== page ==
The destruction of Syria's chemical weapons stockpiles at sea will be an all-civilian operation by U.S. Defense Department personnel with the toxic waste from the destruction process to be disposed of in third-country landfills, Pentagon officials said Thursday.
"Our assessment is that the risks from the neutralization process is very low" in destroying the liquid stocks of mostly mustard gas blistering agent and the nerve agent sarin, said a senior DoD official who specializes in weapons of mass destruction.
"We think this is a relatively low-risk operation," said the official, who spoke on grounds of anonymity. The official added that "I want to be clear that absolutely nothing will be dumped at sea."
At a Pentagon briefing, three senior officials involved in the politically-charged plan to destroy chemical weapons for the first time at sea said that details were still being worked out with the international Organization for the Prohibition of Chemical Weapons, but the operation will not involve sending any U.S. personnel, military or civilian, into Syria.
The OPCW has called on Syrian authorities to move about 200 tons of chemical agents to the port of Latakia before Dec. 31. The agents, which could be used to make mustard gas and sarin, were in liquid form and had not yet been weaponized into artillery shells or bombs, the Pentagon officials said.
The liquid agents will be put into special containers supplied by the U.S. and then picked up by a ship contracted by the OPCW – likely a Norwegian vessel – to be taken to another Mediterranean port that has yet to be determined.
At the second port, the OPCW ship will be met by the 648-foot MV Cape Ray, a Roll-on/Roll-off ship owned by the U.S. Maritime Administration, which is part of the Transportation Department. About 60 civilian DoD specialists will be aboard the Cape Ray in addition to its civilian crew of about 25-30, the Pentagon officials said.
The Cape Ray was being outfitted below decks with two Field Deployable Hydrolysis Systems to dilute the liqud agents with water and bleach. Waste products from the process would be disposed of in countries that have yet to be named, the officials said, and it also has yet to be determined whether the destruction at sea would take place in the Mediterranean or elsewhere.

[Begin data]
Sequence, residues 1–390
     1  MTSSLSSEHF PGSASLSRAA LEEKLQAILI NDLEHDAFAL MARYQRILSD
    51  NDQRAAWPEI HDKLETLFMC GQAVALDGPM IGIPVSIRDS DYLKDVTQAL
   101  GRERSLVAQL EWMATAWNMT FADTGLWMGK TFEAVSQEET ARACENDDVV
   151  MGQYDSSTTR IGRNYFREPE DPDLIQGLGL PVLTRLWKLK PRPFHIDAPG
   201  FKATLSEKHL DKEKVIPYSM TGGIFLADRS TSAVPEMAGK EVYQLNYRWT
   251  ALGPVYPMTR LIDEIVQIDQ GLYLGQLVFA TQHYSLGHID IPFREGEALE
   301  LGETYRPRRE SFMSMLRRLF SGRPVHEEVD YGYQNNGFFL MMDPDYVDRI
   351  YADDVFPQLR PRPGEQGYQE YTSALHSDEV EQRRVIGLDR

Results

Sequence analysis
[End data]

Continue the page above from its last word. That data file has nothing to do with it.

The officials said that the Cape Ray was expected to leave its homeport of Norfolk, Va, sometime in January and the destruction process would take 45-90 days.
Cost estimates for the operation ordered by the OPCW have yet to be finalized, the officials said, but the Obama administration has pledged contributions to "a destruction technology, full operational support and financing to neutralize" the chemicals.
In a separate operation, the OPCW was negotiating to have nearly 800 tons of dual-use chemicals, many of which are common industrial chemicals, to be removed from Syria by Feb. 5 and later destroyed by private companies as part of the organization's ambitious plan to completely eradicate Syria's chemical weapons program by mid-2014.
The OPCW took on the job of destroying Syria's chemical weapons under a Sept. 14 agreement between the U.S. and Russia, Syria's main ally that was endorsed by the United Nations. The agreement forestalled a U.S. attack in retaliation for Syria's chemical weapons attack in the Damascus suburbs that reportedly killed hundreds on Aug. 21.